Robert Pond began casting his own version of the Ford FE engine block a few years back and, from the outside, it looks original (except Pond's is all aluminum) but internally he improved on the design. Bored and stroked to 482 cubes, the big V-8 was assembled with a SCAT crank and rods, and uses a COMP Cams camshaft and CP pistons. The water pump and aluminum heads came from Edelbrock, and ignition is delivered via MSD controls. The headers and exhaust (made by Ronnie Koonce with polished stainless steel) were also custom fabbed for this car.
That's 482 ci of big FE fun! Robert Pond Motorsports assembled the all-aluminum motor with
For a truly inspired method of fuel delivery, the Moores chose a Dynatek classic fuel injection system-eight wonderful stacks feeding four Weber IDA-style throttle bodies. Considering the weight of the car (about 4,800 pounds) the Moores wanted a low-ratio gear out back to work with the 4L80E transmission that was hooked up to the FE with the help of an adaptor from Wilcap. The 482 produced 642 hp on the dyno before being installed.
The car's body was rust-free for the most part, but Calvin wanted new smooth floorpans so the old ones were replaced and, in addition, custom inner fenderwells were designed and fabricated to help conceal some of the car's wiring. (The custom fuel tank is also concealed along with its wiring and lines.)
Not wanting to cut corners anywhere on the car, Calvin had the body chemically stripped, the original joints releaded, then the body electro-plated before Dan Stacey and Brian Hatton completed the bodywork. Once done, Hatton sprayed the car using DuPont paint.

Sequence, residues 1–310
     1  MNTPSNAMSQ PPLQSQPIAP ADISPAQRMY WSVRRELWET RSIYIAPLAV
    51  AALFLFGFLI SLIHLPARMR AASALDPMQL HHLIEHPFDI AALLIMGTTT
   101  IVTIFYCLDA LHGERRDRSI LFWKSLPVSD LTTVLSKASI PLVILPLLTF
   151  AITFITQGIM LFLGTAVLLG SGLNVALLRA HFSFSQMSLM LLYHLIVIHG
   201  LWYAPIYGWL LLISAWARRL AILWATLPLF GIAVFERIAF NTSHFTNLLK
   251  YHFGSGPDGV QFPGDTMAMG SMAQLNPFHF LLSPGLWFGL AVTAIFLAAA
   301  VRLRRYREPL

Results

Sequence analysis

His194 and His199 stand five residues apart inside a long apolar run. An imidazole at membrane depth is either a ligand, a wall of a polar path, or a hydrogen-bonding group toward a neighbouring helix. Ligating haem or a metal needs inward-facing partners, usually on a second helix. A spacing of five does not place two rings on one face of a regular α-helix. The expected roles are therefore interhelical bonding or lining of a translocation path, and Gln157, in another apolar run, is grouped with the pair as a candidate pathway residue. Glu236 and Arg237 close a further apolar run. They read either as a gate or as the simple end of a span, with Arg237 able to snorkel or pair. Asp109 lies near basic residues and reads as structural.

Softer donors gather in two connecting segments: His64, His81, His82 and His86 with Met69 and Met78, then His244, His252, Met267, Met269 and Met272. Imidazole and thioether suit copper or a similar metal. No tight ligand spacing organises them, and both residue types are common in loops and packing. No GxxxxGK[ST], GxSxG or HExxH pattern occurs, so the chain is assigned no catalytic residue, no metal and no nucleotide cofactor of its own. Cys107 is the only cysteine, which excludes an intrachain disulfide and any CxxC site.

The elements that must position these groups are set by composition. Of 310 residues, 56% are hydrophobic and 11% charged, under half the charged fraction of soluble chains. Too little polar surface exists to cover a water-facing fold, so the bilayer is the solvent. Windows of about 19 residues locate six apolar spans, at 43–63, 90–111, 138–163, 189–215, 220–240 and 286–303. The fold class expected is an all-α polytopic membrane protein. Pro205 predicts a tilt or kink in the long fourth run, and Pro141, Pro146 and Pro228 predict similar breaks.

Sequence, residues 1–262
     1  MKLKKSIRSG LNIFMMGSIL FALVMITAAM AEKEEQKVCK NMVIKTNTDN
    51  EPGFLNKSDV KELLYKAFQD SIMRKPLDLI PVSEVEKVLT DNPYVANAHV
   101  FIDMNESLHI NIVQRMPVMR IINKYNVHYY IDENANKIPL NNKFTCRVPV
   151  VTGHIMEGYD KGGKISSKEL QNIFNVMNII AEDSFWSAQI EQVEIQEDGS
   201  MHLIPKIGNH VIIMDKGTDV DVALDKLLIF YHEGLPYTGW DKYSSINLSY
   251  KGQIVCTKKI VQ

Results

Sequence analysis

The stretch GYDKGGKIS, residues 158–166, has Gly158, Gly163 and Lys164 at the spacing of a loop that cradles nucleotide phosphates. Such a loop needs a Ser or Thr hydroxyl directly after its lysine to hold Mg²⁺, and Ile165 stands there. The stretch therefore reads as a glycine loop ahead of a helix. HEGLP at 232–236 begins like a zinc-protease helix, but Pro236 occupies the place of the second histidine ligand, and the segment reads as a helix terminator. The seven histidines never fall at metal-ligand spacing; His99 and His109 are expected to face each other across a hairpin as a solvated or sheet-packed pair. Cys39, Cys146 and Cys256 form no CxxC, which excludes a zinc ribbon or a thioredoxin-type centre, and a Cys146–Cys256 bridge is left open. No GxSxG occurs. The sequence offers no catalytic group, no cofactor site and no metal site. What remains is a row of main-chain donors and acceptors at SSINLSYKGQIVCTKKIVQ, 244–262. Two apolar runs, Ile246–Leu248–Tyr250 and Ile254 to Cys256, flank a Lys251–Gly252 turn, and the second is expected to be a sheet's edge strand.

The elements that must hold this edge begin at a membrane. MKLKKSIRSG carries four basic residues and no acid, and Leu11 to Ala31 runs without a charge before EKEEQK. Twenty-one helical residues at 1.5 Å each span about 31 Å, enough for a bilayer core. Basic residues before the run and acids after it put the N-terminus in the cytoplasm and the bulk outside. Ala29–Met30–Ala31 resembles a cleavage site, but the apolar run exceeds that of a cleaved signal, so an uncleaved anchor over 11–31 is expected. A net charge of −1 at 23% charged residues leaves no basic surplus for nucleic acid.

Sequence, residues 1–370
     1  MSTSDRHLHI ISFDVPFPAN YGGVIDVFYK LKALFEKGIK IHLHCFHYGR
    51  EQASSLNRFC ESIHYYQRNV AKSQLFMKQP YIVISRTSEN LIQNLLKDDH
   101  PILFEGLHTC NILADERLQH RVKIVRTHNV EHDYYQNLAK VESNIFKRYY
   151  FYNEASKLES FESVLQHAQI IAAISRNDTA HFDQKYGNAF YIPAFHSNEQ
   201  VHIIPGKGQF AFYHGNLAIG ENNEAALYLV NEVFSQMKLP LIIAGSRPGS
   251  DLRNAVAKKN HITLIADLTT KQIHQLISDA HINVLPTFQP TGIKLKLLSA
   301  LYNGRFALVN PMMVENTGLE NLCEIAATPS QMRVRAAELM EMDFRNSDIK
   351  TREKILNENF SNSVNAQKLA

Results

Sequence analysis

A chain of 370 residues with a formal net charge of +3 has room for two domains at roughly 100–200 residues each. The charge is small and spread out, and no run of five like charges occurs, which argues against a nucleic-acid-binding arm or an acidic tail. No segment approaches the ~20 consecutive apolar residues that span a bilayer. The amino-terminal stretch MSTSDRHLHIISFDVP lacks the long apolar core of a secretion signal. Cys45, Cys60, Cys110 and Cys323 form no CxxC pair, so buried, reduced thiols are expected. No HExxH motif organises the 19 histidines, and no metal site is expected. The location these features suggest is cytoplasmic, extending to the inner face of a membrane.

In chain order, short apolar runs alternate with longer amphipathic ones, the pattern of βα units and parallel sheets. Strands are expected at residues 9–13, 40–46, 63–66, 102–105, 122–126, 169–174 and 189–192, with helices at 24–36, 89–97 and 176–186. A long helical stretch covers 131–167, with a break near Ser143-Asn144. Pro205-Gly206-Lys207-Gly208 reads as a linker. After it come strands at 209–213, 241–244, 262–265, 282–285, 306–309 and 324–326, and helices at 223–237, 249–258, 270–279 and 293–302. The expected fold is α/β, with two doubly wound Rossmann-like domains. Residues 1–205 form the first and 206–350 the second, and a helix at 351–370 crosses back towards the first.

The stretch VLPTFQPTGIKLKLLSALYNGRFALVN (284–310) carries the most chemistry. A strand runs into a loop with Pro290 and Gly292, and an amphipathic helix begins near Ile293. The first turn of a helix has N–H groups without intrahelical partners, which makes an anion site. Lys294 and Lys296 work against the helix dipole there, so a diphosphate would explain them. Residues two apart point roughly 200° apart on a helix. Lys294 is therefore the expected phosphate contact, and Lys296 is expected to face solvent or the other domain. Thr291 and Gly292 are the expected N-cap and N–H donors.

Inside the car the master power brake cylinder and booster were hidden under the dash in order to clean up the clutter. And though power brakes were in 98 percent of the Mark IIs built in 1956, they didn't have what was added here: a power-activated emergency brake. A custom-built metal console (to accommodate the floor shift) and custom dash update the interior without making it look too "new."
Bucket seats from a Mark VIII Continental were covered in red leather by Sandra Gregory and Chuck Bennett and the same material was used on the dash, headliner, and custom rear buckets. Controls for the Hot Rod Air system are in the console just below the Kenwood head unit, and Classic Instrument gauges fit neatly in front of a Billet Specialties steering wheel attached to an ididit column. American Autowire supplied the wiring kit to get the hardtop's basic electrics up and running.
Since there are two of them, the brothers decided Leon should have this particular Mark II, but another '56 Continental (a little more radical) is being built for Calvin. It's a chopped roof version, with a lot more custom features done to the exterior, and with polished 18- and 20-inch Salt Flat wheels and an SOHC 427 under the hood.
It may be hard to compete with or argue the elegance of Leon's Continental. With the stock bumpers tucked in a little and the original grille left alone, this two-door hardtop Lincoln makes the same impact with onlookers as it must have back in Paris in 1955: tres magnifique!
Dan Stacey and Brian Hatton did most of the sheetmetal work on the car before rolling it i
It's just as nice under the car as it is on the upside. A Kugel Komponents independent rea